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The deputy leader of the United Progressive Party (UPP) has voiced his disapproval with what he claims is preferential treatment being meted out to some people in the enforcement of Covid-19 regulations.

Speaking on Observer AM on Friday, Jamale Pringle alluded to discrimination in the way virus-related rules are applied at entertainment venues across Antigua – and warned that his party intends to take action against this.

“The way the government is handling this crisis, it’s totally, totally unfair to some. On one end some people can do and operate but on the other end — for instance when you go on the north side [of the island] — you hear about parties, bars open, people like crazy not wearing masks, and you see it on social media; but every week [the police] are in and out the bars on Kentish Road. What’s the difference?” Pringle queried.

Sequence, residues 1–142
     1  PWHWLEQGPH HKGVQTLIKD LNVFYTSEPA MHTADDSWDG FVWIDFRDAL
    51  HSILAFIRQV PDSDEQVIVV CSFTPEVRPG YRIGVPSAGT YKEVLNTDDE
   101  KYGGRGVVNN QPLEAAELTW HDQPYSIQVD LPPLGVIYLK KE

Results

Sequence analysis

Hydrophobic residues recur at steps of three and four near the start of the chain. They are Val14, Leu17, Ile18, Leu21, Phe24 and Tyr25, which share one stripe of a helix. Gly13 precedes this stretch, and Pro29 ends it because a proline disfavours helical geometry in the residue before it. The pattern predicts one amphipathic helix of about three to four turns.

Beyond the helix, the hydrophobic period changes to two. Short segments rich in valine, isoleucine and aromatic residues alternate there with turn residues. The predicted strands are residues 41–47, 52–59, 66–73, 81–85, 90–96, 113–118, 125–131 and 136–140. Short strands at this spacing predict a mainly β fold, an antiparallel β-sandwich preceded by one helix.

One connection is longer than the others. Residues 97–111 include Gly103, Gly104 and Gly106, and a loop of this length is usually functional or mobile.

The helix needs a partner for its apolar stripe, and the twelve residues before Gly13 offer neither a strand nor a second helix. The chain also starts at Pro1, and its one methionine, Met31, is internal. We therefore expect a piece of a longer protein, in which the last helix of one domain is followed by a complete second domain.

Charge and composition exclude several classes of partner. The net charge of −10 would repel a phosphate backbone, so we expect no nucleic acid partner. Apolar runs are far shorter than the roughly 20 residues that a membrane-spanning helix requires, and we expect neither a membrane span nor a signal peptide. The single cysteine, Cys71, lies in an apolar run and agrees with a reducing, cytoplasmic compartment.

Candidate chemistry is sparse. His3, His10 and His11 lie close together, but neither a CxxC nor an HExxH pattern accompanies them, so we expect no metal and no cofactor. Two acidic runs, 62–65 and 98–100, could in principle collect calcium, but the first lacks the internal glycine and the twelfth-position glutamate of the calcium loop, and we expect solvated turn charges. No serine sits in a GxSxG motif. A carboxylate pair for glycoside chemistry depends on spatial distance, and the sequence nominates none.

Pringle said if the situation is not rectified, the UPP will be embarking on protest action in an effort to force change.

“If it continues, we are going to be picketing and raising concerns. These same business places, we are going to picket the government offices and if they are not adhering, if the locals cannot function in terms of business nobody should function because it’s all of us drives this economy, not just one set of people,” he said.

“To show you how it’s so far apart, you have a situation where you have a drive-in [event] down at Splash that was stopped, but Caribbean Cinemas can open. When you go to find out and fight these arguments you get ‘that’s above me, that came from the top’.

“What’s the difference? What is good for me is good for you, not because you live on the north side and I live on the south side. We are all Antiguans and Barbudans and we should be treated the same. We need to get rid of that and that cannot continue,” Pringle lamented.

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